Dslrs are for serious photographers who are out travelling for the sole purpose of phtography. They know how to handle and take care of these complicated and expensive DSLRs.

I think that sounds awfully condescending. Moreover I disagree with your statement that the point and shoot snaps are "more than satisfying".
I used to take pictures like this with my old 3MP point 'n shoot. My 6MP DSLR upgraded that result to this kind of quality (in the first week of owning the DSLR, never having owned any kind of camera other than the point 'n shoot before).
There's really just no comparison.

So, to answer the original question: Yes, there are situations where having a tiny camera has benefits, but when I bought the DSLR, I fully expected to still regularly use the point 'n shoot next to it... and I never have. You take some extra care looking out for the camera, perhaps worry a bit more than you would've otherwise - but I at least consider this more than worth it for the far greater control and technical ability that a DSLR offers. When I'm visiting these unique places that I've never before been to, and probably won't return to for far too long, I really like being able to get the best quality mementos possible.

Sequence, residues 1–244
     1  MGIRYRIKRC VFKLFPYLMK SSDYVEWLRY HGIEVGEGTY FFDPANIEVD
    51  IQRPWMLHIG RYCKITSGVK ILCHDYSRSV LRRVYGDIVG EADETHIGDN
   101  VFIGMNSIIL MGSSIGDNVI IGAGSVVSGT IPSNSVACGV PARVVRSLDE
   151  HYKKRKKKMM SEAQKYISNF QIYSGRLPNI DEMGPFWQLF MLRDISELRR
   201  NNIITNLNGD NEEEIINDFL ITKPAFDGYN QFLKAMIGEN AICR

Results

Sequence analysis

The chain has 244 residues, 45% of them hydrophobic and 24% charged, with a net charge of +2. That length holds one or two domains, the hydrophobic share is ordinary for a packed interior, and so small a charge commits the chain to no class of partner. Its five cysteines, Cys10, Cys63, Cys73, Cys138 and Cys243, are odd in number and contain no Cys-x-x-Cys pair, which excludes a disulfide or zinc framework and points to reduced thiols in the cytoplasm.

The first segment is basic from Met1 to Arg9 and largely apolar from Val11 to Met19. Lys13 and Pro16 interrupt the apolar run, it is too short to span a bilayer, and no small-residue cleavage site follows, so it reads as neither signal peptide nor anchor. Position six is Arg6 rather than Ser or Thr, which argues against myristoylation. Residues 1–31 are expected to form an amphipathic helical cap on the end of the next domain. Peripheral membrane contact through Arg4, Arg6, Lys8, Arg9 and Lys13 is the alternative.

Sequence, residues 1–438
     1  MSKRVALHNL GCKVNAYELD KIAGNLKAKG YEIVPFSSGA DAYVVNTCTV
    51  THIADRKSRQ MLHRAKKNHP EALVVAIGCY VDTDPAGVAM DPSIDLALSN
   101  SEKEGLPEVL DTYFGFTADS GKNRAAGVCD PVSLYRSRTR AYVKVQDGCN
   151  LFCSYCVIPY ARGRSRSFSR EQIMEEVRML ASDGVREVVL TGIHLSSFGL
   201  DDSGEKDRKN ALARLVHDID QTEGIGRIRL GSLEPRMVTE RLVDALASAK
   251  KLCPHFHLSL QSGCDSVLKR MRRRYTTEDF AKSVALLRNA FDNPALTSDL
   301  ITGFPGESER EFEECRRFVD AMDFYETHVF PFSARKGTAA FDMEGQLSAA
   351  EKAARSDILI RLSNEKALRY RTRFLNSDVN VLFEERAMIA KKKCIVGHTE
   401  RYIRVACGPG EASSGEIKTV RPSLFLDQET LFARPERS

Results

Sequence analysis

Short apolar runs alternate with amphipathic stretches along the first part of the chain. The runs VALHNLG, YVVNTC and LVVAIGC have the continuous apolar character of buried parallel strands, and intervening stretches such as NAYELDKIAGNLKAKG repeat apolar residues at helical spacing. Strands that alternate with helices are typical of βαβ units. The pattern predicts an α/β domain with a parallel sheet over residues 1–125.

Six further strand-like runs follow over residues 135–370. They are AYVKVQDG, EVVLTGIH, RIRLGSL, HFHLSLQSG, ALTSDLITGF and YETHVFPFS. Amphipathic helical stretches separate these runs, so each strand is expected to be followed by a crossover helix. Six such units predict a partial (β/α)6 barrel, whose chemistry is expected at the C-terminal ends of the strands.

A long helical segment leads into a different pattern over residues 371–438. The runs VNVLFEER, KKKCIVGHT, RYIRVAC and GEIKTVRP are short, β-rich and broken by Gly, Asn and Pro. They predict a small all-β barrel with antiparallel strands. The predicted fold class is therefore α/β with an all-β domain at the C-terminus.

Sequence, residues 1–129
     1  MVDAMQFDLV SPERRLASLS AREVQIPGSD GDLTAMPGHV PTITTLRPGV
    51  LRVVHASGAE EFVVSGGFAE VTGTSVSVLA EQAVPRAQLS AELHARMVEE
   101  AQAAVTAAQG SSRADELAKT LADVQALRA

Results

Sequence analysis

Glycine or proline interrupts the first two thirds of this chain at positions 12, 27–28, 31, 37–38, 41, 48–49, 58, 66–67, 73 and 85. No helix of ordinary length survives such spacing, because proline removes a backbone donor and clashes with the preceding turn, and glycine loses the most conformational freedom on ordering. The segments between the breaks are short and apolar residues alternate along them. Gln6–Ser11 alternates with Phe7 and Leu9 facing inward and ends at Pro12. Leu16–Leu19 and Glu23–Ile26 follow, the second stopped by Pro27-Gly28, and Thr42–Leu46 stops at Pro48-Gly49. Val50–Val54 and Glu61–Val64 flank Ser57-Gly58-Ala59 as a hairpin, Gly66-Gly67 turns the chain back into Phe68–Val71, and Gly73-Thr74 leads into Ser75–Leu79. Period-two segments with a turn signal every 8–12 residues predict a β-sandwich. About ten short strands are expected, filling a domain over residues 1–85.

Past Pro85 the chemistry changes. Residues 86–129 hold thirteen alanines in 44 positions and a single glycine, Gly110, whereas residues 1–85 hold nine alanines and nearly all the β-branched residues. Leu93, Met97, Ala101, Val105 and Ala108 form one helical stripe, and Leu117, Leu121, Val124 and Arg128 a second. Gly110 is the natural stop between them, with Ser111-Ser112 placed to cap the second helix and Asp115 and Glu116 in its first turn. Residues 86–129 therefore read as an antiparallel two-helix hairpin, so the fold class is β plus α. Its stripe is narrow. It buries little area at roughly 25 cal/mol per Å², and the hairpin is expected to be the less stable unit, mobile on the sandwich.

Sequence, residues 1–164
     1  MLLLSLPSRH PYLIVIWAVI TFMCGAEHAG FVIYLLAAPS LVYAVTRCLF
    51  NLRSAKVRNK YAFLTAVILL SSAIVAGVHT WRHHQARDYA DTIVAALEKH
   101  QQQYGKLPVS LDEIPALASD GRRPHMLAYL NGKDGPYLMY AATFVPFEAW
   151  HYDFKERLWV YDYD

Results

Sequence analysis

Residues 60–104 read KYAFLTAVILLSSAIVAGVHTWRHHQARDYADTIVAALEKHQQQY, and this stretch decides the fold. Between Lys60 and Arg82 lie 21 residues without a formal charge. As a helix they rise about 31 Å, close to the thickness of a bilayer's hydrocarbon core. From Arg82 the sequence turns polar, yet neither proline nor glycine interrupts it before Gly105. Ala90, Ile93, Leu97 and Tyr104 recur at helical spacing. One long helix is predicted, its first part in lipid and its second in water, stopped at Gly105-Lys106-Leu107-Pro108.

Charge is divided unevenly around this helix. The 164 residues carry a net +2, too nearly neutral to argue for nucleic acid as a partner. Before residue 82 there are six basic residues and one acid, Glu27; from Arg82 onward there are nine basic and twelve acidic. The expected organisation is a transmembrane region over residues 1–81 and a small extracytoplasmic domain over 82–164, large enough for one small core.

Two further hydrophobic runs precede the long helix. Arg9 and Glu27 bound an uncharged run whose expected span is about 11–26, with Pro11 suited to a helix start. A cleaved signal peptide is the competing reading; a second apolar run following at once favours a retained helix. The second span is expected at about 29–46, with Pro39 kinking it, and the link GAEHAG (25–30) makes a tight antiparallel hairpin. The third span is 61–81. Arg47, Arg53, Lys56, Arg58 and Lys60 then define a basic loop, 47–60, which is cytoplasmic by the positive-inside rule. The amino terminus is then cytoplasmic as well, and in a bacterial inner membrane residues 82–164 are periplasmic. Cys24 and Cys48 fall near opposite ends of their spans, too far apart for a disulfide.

5. Posted by Q' (Travel Guru 1987 posts) 10y

It depends on how badly you want the picture. If you need it you'll be more than happy to carry it. I've had times where I wished my pocket sized digital wasn't so "heavy".